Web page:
Wrangham has conducted extensive research on primate ecology, nutrition and social behavior. He previously served as president of the International Primatological Society and as ambassador for UNEP/UNESCO’s Great Ape Survival Project. In 1987, Wrangham was awarded a MacArthur Foundation Fellowship, and he is a fellow of the American Academy of Arts and Sciences and the British Academy.

President Marc Tessier-Lavigne (second from right) listens to Richard Wrangham of Harvard as he delivers the first of his two Tanner Lectures on Human Values at Stanford. (Image credit: Andrew Brodhead)

Individuals routinely sacrifice their own selfish interests for the sake of the wider good, Wrangham said, but there has not yet been an accepted theory that explains the evolution of this “groupishness,” a set of psychological tendencies to behave toward group members that at first glance may appear to transcend self-interest.

For thousands of years, scholars have inferred that humans are a domesticated species, partly because humans are less likely to react aggressively to conflict. Wrangham reviewed the biological parallels between humans and domesticated mammals, and showed evidence for self-domestication as well as data that infers how it occurred.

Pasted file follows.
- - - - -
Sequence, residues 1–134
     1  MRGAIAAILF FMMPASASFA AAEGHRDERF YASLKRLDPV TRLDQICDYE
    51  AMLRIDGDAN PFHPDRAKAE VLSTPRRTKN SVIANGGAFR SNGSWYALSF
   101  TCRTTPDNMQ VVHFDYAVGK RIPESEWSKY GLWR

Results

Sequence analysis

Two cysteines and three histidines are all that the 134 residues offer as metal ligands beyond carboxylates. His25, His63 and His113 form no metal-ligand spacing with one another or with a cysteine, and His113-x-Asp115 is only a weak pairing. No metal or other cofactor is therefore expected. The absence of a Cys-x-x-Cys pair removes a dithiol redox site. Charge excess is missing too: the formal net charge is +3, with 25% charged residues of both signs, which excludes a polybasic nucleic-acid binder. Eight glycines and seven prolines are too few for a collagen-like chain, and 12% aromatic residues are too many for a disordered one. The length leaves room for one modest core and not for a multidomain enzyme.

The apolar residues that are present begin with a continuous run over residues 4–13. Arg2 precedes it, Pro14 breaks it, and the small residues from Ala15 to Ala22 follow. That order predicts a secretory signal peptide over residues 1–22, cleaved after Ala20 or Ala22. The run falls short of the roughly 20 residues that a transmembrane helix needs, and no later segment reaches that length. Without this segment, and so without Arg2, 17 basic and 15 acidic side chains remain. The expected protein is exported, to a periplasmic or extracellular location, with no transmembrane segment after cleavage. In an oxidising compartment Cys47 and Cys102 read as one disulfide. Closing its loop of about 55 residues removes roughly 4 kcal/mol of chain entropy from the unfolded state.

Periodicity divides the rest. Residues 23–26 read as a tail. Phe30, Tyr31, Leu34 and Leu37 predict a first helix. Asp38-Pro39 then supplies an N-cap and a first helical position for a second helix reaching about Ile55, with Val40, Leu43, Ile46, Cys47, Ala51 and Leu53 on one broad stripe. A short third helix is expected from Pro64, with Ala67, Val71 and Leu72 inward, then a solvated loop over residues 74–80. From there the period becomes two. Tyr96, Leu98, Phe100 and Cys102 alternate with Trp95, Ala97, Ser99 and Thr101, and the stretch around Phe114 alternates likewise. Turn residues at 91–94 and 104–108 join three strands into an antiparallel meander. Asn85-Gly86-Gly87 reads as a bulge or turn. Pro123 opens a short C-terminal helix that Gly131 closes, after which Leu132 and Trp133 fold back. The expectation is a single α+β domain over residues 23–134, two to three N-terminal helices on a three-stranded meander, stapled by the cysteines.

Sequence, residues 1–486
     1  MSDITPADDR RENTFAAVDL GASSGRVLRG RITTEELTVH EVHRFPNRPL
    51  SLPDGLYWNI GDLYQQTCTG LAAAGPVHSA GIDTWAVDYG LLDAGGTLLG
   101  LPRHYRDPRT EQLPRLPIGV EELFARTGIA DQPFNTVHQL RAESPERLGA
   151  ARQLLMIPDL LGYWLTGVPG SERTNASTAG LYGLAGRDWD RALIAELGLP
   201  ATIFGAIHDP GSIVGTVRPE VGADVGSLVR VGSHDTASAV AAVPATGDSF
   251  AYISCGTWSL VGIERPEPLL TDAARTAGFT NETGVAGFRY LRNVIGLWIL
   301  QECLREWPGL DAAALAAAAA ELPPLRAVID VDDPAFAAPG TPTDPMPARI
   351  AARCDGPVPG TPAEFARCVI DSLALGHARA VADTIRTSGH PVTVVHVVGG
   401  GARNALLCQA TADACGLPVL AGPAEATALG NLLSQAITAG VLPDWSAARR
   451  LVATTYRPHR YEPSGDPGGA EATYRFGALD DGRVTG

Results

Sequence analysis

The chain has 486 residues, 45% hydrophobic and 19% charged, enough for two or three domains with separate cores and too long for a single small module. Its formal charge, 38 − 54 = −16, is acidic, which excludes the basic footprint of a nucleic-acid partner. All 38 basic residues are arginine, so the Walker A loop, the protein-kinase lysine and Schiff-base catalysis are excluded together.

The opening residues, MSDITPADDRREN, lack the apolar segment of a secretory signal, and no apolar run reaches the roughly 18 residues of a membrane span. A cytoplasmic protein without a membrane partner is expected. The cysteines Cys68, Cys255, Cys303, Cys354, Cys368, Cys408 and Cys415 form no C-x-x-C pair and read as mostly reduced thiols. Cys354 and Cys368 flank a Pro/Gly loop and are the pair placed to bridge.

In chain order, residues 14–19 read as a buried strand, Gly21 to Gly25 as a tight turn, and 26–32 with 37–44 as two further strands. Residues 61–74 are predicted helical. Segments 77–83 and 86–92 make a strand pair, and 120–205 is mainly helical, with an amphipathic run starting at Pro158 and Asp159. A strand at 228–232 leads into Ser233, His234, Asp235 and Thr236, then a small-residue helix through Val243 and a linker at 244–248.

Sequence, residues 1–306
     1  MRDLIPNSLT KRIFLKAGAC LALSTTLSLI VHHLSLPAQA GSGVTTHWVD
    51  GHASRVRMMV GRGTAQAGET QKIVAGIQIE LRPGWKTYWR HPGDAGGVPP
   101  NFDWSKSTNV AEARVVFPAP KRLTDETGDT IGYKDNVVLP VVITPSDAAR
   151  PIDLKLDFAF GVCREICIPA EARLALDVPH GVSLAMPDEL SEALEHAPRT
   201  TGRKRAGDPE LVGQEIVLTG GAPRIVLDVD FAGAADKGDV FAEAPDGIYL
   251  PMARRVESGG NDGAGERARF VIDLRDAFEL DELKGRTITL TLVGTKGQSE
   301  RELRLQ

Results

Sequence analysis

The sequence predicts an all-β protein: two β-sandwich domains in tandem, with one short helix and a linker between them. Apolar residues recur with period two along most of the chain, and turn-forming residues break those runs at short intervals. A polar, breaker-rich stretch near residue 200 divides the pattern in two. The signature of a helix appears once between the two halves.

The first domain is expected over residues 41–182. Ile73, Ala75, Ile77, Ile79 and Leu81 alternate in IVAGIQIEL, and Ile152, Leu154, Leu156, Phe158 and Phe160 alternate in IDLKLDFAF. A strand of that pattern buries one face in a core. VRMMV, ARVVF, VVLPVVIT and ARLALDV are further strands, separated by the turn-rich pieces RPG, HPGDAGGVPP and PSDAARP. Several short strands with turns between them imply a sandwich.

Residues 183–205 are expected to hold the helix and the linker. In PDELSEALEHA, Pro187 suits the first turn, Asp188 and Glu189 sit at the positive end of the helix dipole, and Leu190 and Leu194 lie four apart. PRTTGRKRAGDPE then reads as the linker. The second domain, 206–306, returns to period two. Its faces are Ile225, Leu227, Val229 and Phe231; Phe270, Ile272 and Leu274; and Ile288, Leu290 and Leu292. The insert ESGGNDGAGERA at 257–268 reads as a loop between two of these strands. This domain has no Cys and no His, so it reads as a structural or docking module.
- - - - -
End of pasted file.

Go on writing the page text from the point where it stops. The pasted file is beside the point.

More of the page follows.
Wrangham argues that “human groupishness” evolved as a result of humans’ novel ability to use language to conspire against and kill resented rivals, particularly those who are domineering. Thus antisocial behavior was selected against, while groupishness became positively favored. This evolutionary process led to the domination of social groups by coalitions of breeding males, a system that continues today in the form of societal patriarchy, Wrangham said.

After Wrangham’s lecture, Deborah Gordon, Stanford professor of biology, gave the response and joined Wrangham for audience questions. Gordon studies how ant colonies work without central control using networks of simple interactions, and how these networks evolve in relation to changing environments.